To make improvements in our current risk management system, we need to incorporate patients into our risk management decisions much more extensively. Computers and other tools to assist prescribers in making the correct choices for their patients are now being used. Patients are the ones who are assuming the risk, and we know that different people weigh risk differently. Some patients-usually the desperately ill-are likely to assume more risk for even a minimal chance of benefit. And, patients often actively engage in minimizing their own risk by reading labels, keeping track of their medications, keeping track of the basic side effects, and, simply-but importantly--asking questions.

When adverse reactions do occur, we need to assure that there are feedback loops throughout the system so that these events can be effectively communicated and acted on appropriately. Doctors, pharmacists, and patients can report serious adverse reactions to the agency through our MedWatch system, or they can make a report to the manufacturer. "Dear Health Professional" letters may be used to inform doctors and other providers of a new safety issue. And, if the new issue really alters the risk-benefit ratio so the risks of the drug--including the newly-found risks--now outweigh the benefits, we must consider more dramatic steps can be considered, such as revising the label or black box information, or in rare instances, requiring the drug's removal from the market.

Again, even as we plan our strategies for risk-management along the entire health care continuum, one of the most central parts of the process is the review decision made by the Agency. Therefore, it is critical that the Agency have the knowledge and experience needed to face the new science and technology that is coming before it in product applications.

How does the FDA intend to maintain its ability to keep pace with new science and technology? Let me discuss a few ways in which we are addressing this question. My first area of focus is on luring the top scientists in the country to our Agency--and keeping them with us. As I travel around the country to academic or industrial sectors, I consistently remind scientists that there are extremely rewarding careers available in government agencies such as ours.

It is critical that we invest wisely in those individuals that we recruit and retain for these tasks that are so fundamental to effective protection of the public health. Measures such as ensuring that more training opportunities, research grants, cooperative agreements, and fellowships are just some of the programs that are made available to our employees.

We need attention and resources, but time money, to provide training and retraining of our scientists to help ensure that they have state-of-the-art knowledge of new scientific developments and new product technology is essential for us to remain a credible, science-based agency. We are identifying opportunities for our scientists to work in areas involving research and technology in other settings, such as with industry, academia and other governmental agencies, academia, and-where appropriate--industry. By having these kinds of educational opportunities open to our scientists, we ultimately enable them to bring back to the Agency deeper knowledge that translates into better and more efficient performance of regulatory tasks.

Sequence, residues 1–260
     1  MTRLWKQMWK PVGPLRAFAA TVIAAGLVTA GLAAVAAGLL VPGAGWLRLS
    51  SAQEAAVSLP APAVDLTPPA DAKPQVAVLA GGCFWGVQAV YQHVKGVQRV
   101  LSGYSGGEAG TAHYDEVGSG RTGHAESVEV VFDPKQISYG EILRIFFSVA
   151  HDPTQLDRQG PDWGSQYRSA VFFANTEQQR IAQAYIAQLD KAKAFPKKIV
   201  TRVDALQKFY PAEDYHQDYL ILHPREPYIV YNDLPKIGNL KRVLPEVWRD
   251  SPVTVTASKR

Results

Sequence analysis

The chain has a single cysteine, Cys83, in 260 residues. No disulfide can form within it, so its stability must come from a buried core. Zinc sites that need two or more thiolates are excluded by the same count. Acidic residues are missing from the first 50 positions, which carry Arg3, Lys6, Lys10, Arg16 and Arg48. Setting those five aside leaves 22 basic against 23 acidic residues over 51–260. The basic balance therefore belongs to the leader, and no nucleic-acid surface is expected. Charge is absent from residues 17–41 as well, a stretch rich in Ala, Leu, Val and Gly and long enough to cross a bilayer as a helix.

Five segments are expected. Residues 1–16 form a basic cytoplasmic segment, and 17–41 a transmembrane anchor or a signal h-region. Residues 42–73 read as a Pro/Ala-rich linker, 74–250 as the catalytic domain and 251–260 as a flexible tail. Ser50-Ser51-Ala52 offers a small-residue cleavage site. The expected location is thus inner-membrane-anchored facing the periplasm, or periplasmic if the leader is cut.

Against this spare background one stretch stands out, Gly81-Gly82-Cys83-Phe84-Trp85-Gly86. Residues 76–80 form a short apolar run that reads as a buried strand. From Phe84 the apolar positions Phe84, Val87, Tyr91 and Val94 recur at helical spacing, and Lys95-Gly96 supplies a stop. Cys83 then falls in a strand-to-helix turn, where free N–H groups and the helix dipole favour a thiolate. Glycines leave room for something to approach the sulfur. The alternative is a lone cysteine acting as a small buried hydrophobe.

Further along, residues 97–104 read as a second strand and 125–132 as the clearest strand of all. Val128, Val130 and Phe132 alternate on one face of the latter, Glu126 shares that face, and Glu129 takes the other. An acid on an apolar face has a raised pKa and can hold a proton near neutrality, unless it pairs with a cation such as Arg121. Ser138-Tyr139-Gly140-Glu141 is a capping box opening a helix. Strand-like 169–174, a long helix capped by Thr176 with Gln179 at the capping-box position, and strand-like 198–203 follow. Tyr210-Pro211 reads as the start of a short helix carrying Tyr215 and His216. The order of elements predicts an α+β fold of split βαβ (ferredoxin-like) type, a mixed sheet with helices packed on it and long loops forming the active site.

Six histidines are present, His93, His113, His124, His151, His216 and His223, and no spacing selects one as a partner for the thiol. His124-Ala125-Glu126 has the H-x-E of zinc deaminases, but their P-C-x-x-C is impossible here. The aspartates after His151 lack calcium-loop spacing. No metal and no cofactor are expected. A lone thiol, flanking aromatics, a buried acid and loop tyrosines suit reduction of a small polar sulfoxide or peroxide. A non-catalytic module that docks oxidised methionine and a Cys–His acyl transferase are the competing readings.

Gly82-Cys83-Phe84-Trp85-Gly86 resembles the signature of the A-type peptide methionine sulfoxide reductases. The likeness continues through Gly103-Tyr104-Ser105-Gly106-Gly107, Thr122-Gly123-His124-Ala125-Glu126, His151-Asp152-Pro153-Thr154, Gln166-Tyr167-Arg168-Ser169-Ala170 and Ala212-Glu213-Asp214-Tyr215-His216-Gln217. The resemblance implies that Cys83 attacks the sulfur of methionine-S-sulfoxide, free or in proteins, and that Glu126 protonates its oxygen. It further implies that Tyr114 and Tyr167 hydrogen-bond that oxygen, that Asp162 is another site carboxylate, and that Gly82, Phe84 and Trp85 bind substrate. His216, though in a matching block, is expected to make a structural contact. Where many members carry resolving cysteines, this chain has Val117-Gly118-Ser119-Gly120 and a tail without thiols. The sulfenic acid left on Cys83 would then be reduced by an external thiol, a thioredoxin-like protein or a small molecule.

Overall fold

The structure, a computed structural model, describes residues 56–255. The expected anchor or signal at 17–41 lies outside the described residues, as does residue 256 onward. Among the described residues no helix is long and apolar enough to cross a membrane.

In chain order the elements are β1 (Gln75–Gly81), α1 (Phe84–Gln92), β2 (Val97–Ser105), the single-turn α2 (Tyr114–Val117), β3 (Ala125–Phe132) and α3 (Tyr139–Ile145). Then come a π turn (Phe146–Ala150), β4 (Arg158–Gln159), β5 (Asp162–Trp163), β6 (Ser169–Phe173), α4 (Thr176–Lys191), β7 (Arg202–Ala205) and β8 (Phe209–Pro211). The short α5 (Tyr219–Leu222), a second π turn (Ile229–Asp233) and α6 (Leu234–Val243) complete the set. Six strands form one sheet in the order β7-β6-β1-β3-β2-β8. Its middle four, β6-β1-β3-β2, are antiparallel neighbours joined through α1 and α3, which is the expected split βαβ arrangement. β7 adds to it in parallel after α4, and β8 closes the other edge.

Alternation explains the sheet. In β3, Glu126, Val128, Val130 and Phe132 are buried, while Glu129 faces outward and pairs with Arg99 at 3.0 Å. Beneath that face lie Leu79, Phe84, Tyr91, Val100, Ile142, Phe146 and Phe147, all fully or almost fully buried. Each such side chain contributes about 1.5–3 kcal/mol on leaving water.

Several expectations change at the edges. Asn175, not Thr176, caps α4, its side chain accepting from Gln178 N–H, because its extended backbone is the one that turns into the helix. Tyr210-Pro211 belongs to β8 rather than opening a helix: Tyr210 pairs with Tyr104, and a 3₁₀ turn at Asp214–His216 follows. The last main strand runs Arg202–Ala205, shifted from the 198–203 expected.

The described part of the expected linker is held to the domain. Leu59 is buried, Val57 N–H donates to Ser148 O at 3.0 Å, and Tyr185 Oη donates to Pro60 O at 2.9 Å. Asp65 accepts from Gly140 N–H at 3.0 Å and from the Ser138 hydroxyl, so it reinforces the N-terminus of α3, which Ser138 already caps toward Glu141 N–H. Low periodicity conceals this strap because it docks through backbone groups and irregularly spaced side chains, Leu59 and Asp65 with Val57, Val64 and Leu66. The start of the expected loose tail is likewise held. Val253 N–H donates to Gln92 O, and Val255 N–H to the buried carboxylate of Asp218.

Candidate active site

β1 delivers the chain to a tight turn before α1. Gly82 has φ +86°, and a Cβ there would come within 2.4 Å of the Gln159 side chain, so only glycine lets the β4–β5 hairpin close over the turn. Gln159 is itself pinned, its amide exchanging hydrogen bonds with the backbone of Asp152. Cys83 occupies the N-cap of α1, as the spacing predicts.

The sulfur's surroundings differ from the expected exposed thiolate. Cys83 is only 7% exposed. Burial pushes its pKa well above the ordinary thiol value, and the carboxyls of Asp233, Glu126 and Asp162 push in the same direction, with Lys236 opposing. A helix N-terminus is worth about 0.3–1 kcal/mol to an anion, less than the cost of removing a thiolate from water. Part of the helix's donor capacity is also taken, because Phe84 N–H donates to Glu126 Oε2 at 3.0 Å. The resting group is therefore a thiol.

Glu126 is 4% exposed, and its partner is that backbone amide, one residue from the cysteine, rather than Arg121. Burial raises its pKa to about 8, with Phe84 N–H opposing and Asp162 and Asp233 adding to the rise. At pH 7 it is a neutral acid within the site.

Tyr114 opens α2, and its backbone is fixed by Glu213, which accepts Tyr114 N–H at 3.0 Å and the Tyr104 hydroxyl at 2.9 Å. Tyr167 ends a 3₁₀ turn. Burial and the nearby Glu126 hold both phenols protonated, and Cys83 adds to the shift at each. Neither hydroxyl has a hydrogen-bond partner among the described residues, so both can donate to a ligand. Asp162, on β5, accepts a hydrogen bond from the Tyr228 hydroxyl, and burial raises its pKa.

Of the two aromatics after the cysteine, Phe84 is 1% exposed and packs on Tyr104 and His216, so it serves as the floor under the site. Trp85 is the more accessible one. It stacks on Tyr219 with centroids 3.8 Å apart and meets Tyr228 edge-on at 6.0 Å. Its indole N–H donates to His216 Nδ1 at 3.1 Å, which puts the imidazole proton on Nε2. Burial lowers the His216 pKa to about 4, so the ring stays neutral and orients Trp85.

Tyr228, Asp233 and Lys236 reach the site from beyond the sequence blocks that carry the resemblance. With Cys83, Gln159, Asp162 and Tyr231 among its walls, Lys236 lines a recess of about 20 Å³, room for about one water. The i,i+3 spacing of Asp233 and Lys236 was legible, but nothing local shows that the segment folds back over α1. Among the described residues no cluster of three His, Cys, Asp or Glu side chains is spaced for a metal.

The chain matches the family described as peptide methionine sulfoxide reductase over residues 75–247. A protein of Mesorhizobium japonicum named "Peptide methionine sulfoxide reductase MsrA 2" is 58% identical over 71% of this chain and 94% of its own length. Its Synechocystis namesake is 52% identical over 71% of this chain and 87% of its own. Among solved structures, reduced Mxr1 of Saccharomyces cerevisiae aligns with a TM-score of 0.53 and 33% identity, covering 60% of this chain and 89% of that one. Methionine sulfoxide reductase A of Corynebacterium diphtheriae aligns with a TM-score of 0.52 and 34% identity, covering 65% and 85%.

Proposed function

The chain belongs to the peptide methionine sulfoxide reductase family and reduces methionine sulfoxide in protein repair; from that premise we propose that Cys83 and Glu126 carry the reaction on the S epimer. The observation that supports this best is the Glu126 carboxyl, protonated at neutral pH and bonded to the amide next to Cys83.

We are also awarding new research and risk assessment grants and establishing new procedures to better plan and coordinate research among Federal partners; we have funded seven cooperative agreements totaling $1 million, including research partnerships with Washington State University, New England Medical Center, the University of Georgia, and the University of Wisconsin.

These research and testing efforts demonstrate the success that can be achieved when government agencies work together and seek help from our colleagues in academia and industry. Such collaborations include: work on studies designed to evaluate the carcinogenicity of fumonisin B1, a mycotoxin produced by the fungus Fusarium moniliforme, one of the major species found in corn and corn products, and to provide data on the mode of action of toxicity and carcinogenicity to facilitate the process of risk assessment; and development of new protein-based mass spectral techniques to investigate properties of bacteria such as antibiotic resistance and acid or heat resistance.

By using these types of agreements and collaborations with scientists outside of the FDA, we are effectively leveraging the resources and expertise of outside entities. This allows us to stretch our limited resources a bit further, and to harness a greater breadth of experience within the scientific community. By collaborating with those outside the Agency, we are able to attain a wide range of perspectives, further ensuring that all of our decisions are grounded in good science.

By enhancing our scientific infrastructure in the many ways that I have mentioned, we are truly bringing FDA into the twenty-first century. I look forward to the exciting future of this Agency, the role that science and technology will play in it, and our work together in those areas. For in the words of Eden Phillpotts, "The universe is full of magical things patiently waiting for our wits to grow sharper." Therefore, I wish you great success during this conference, and I hope that your wits are sharpened over the few days. Thank you very much.